Personality psychology isa branch of psychology that studies personality and individual differences. Its areas of focus include: * Constructing a coherent picture of the individual and his or her major psychological processes * Investigating individual differences—how people are unique * Investigating human nature—how people are alike
"Personality" can be defined as a dynamic and organized set of characteristics possessed by a person that uniquely influences his or her cognitions, emotions, motivations, and behaviors in various situations. The word "personality" originates from the Latin persona, which means mask. Significantly, in the theatre of the ancient Latin-speaking world, the mask was not used as a plot device to disguise the identity of a character, but rather was a convention employed to represent or typify that character. Personality may also refer to the patterns of thoughts, feelings and behaviors consistently exhibited by an individual over time that strongly influence our expectations, self-perceptions, values and attitudes, and predicts our reactions to people, problems and stress. In a phrase, personality is not just who we are, Gordon Allport (1937) described two major ways to study personality: the nomothetic and the idiographic. Nomothetic psychology seeks general laws that can be applied to many different people, such as the principle of self-actualization, or the trait of extraversion. Idiographic psychology is an attempt to understand the unique aspects of a particular individual. The study of personality has a broad and varied history in psychology, with an abundance of theoretical traditions. The major theories include dispositional (trait) perspective, psychodynamic, humanistic, biological, behaviorist and social learning perspective. There is no consensus on the definition of "personality" in psychology. Most researchers and psychologists do not explicitly identify themselves with a certain perspective and often take an eclectic approach. Some research is empirically driven such as dimensional models based on multivariate statistics such as factor analysis, whereas other research emphasizes theory development such as psychodynamics. There is also a substantial emphasis on the applied field of personality testing. In psychological education and training, the study of the nature of personality and its psychological development is usually reviewed as a prerequisite to courses in abnormal or clinical psychology Many of the ideas developed by historical and modern personality theorists stem from the basic philosophical assumptions they hold. The study of personality is not a purely empirical discipline, as it brings in elements of art, science, and philosophy to draw general conclusions. The following five categories are some of the most fundamental philosophical assumptions on which theorists disagree:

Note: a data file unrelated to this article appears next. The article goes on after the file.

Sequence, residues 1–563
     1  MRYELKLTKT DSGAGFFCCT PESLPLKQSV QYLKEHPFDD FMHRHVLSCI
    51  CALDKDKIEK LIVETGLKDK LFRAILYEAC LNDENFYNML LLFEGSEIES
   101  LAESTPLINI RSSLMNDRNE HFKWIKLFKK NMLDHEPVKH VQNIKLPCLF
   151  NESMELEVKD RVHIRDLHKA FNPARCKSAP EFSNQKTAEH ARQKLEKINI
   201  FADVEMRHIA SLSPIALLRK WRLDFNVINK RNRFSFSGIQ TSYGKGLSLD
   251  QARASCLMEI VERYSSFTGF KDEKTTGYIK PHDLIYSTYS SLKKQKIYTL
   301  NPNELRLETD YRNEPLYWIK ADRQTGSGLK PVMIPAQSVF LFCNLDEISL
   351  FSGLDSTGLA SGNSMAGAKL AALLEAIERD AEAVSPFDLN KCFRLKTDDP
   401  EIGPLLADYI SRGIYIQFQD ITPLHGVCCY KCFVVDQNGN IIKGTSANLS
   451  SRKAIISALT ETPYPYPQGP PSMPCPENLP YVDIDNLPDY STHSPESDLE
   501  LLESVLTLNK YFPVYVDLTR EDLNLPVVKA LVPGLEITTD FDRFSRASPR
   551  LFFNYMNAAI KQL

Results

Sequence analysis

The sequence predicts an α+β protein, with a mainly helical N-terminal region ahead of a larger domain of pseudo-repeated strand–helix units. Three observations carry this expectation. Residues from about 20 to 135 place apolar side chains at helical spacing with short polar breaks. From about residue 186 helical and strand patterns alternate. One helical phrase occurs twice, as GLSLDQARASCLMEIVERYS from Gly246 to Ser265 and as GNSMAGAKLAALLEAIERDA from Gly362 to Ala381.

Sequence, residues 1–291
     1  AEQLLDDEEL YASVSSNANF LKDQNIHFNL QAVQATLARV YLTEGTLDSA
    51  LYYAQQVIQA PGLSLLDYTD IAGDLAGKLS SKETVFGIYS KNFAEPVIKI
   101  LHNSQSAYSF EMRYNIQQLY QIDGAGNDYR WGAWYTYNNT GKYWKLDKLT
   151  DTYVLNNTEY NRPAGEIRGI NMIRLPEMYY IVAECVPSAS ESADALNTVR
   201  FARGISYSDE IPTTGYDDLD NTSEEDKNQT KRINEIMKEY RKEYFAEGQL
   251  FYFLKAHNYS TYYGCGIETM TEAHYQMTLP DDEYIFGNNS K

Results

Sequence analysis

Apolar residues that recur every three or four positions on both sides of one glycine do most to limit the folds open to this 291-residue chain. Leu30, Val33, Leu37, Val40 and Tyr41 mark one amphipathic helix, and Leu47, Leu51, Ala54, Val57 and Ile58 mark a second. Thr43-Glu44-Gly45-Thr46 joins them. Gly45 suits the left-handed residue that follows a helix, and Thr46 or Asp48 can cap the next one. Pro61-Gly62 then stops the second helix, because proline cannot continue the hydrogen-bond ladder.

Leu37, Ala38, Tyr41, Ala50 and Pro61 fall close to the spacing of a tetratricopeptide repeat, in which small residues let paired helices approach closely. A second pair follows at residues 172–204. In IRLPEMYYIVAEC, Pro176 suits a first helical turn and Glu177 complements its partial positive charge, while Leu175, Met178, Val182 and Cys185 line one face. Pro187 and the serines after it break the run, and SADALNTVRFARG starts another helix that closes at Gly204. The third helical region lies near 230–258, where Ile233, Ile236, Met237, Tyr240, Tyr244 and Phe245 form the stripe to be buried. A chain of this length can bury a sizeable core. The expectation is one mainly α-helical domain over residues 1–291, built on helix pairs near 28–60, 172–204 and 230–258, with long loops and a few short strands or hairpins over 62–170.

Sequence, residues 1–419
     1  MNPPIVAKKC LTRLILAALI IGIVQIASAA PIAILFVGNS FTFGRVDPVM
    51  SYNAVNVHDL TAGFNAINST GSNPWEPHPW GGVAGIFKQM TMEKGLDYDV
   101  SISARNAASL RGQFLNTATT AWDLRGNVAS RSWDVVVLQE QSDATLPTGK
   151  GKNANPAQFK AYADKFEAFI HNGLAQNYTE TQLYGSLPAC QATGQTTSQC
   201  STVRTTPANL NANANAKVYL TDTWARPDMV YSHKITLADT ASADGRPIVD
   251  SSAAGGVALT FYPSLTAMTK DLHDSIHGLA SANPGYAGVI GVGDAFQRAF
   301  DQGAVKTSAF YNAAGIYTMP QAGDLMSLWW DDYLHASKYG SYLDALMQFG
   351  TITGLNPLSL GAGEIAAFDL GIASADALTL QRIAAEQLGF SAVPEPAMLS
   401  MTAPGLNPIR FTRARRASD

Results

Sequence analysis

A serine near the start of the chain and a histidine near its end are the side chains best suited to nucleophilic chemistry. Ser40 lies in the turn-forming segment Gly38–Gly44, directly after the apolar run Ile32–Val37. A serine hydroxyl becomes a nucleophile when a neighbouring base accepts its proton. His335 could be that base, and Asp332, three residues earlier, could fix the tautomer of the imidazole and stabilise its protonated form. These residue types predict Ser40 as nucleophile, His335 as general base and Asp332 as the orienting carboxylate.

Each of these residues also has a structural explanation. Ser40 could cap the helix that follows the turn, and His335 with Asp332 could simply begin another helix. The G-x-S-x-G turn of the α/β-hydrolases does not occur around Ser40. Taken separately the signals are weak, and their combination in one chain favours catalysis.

1. Freedom versus Determinism This is the debate over whether we have control over our own behavior and understand the motives behind it, or if our behavior is causally determined by forces beyond our control; it being considered unconscious, environmental, or biological by various theories. 2. Heredity versus Environment Personality is thought to be determined largely by genetics and biology, by environment and experiences, or by some combination resulting thereof. There is evidence for all possibilities. Contemporary research suggests that most personality traits are based on the joint influence of genetics and environment. One of the forerunners in this arena is C. Robert Cloninger with the Temperament and Character model. 3. Uniqueness versus Universality
The argument over whether we are all unique individuals (Uniqueness) or if humans are basically similar in their nature (Universality). Gordon Allport, Abraham Maslow, and Carl Rogers were all advocates of the uniqueness of individuals. Behaviorists and cognitive theorists, in contrast, emphasized the importance of...